episodes, mainly because the Kiwi directors, though
competent, just weren't very funny. But after about
the 3rd season, they had switched mainly to Kiwi directors
because they were about a 3rd of the price of Americans
and didn't get residuals.
You actually have to loop all the Bulgarian actors?
I hope they don't have too much to say in the film.
It always looks weird to me when an actor has his/her
voice replaced by another actor. I've never seen it
work well. A Bulgarian accent sounds sort of russian,
right? Anyway, best of luck with post. A month seems
fairly reasonable to get a fine edit, assuming there
aren't too many montage scenes and what have you. By
the way, I've started putting together my own movie
website, check it out if you get the chance: www.infusefilms.com.
the Bulgarian actors are all speaking English, you probably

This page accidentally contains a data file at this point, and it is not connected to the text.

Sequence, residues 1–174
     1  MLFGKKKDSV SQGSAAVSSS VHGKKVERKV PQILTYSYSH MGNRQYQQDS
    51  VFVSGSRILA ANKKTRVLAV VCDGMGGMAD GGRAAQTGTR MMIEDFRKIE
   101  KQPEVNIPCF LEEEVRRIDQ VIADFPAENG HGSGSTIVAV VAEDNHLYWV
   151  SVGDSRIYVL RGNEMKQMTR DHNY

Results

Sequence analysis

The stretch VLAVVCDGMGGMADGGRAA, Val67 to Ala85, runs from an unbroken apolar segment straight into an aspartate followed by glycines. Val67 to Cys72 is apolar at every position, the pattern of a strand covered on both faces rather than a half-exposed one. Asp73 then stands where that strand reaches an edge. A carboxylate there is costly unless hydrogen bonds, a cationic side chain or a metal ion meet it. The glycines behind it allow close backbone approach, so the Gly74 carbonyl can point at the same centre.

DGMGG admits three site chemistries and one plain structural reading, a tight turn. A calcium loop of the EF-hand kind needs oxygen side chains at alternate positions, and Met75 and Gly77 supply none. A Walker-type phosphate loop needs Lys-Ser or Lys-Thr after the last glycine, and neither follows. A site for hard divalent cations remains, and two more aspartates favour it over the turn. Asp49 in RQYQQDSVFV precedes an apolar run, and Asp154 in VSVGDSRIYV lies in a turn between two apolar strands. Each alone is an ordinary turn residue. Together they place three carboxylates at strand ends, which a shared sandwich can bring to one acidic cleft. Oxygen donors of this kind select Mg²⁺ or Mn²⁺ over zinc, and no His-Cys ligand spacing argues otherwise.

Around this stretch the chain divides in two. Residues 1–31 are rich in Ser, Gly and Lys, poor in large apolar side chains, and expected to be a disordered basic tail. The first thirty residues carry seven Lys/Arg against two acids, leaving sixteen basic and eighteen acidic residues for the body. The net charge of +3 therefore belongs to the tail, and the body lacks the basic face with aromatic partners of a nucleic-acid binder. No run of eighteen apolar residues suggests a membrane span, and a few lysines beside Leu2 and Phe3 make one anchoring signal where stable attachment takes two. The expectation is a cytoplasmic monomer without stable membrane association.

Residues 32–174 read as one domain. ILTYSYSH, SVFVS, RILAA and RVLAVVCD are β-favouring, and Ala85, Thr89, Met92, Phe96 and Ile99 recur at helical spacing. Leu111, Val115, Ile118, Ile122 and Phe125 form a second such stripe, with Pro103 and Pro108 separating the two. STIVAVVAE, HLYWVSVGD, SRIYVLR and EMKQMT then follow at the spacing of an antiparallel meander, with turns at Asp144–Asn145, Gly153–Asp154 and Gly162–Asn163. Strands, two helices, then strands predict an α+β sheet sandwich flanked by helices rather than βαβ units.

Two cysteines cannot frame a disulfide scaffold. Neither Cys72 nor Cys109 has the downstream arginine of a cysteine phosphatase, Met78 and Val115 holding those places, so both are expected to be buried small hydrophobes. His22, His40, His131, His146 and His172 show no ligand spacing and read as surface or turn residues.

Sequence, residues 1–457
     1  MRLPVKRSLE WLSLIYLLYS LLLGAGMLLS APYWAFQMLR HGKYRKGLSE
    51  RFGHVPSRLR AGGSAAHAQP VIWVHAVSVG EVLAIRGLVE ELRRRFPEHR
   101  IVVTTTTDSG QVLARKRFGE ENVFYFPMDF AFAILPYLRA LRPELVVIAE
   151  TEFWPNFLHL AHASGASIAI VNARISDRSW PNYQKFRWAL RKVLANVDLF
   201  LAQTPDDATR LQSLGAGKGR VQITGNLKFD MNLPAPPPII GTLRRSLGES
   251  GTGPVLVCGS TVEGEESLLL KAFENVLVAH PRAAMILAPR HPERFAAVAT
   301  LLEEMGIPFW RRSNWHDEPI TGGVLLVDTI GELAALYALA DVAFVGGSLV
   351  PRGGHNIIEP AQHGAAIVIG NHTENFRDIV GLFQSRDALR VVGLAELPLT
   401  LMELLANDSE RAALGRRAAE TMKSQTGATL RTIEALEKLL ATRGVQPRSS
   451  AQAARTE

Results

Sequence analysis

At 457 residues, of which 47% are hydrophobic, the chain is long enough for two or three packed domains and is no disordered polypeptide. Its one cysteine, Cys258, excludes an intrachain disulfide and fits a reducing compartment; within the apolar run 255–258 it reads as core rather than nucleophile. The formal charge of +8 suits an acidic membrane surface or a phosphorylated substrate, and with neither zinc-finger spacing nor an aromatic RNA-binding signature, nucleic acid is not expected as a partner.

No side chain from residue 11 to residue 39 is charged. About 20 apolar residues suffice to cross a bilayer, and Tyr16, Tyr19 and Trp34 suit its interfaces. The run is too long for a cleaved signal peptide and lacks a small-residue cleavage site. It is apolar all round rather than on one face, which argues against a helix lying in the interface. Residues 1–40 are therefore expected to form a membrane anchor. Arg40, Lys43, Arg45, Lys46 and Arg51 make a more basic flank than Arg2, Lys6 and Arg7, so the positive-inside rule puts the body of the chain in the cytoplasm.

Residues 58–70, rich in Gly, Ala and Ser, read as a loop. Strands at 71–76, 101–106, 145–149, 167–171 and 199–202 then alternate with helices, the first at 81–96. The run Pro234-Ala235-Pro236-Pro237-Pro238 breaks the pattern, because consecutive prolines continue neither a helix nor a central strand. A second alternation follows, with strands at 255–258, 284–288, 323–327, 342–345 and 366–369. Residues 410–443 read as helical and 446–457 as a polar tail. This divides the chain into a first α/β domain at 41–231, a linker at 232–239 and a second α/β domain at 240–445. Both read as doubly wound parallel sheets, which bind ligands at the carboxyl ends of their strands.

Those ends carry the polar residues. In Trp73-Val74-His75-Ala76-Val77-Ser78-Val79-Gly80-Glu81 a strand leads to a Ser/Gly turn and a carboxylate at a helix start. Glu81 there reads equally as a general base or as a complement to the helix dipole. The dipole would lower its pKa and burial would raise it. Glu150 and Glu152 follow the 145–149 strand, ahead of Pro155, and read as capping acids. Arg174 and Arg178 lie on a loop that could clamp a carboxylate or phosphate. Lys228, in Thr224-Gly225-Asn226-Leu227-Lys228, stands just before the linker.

won't even notice that their voices have been replaced
because it will sync up. The folks that do the looping
in LA are real experts. They replaced voices constantly
on Herc and Xena, and on "Jack of All Trades"
they looped every single line no matter what, which
I found insane. I replaced one of the actor's voices
with another on "Hammer" and no one ever noticed.
It's when the actors are speaking a different language
and are dubbed that you notice.
Sorry, i mean Fuck Yeah. he! he!
that I took it seriously, but there is a difference
between fuck ya and fuck yeah.
have just bought your first movie (Thou shalt...) just
because I was browsing through Mr B. Campbell page and
I found it. I did it again, my girlfriend is going to
be shouting at me when it arrives in the post. I hope
it is worth it.
I will have to buy the rest too at some point, oh nooooo!!!
my friends kill me if I make them watch it?
Maybe. Why don't you watch it first and see if it's worth
showing your friends. Perhaps you'll want to stomp on
it after you've seen it.
do you control the actors so they don't give you a hard